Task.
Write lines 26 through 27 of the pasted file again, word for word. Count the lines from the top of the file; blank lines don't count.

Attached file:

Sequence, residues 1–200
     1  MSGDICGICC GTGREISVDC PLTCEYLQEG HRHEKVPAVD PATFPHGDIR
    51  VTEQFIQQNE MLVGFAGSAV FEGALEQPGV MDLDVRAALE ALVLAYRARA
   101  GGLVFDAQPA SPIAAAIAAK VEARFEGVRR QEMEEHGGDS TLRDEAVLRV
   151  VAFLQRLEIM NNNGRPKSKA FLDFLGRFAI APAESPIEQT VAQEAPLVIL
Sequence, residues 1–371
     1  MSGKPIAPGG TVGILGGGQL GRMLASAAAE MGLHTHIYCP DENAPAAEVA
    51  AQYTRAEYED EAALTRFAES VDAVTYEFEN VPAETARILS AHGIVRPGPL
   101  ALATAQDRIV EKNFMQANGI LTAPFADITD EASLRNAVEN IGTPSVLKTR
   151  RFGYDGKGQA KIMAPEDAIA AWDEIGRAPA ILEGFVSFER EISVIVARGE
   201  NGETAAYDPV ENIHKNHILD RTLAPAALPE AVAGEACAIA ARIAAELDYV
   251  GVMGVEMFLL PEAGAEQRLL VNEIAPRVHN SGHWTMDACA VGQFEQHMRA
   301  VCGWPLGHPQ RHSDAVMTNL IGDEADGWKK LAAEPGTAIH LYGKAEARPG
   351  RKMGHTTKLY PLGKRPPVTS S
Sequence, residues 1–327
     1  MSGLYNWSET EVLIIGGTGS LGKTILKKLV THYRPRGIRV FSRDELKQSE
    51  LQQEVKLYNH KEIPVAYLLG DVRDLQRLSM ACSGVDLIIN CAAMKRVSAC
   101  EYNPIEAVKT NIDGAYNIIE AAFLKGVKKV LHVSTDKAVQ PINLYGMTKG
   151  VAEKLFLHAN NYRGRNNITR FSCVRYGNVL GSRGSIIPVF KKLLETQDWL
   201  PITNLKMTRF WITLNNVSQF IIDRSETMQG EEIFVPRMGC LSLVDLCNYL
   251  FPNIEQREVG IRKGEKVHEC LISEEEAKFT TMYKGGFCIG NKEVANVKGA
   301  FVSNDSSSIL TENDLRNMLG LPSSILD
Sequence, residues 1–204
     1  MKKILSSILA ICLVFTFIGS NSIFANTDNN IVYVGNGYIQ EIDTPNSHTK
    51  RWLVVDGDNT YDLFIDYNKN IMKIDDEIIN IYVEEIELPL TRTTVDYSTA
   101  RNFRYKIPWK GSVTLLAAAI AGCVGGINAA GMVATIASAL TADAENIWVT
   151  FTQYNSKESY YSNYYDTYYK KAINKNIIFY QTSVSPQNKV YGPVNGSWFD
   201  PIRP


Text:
   101  RNFRYKIPWK GSVTLLAAAI AGCVGGINAA GMVATIASAL TADAENIWVT
   151  FTQYNSKESY YSNYYDTYYK KAINKNIIFY QTSVSPQNKV YGPVNGSWFD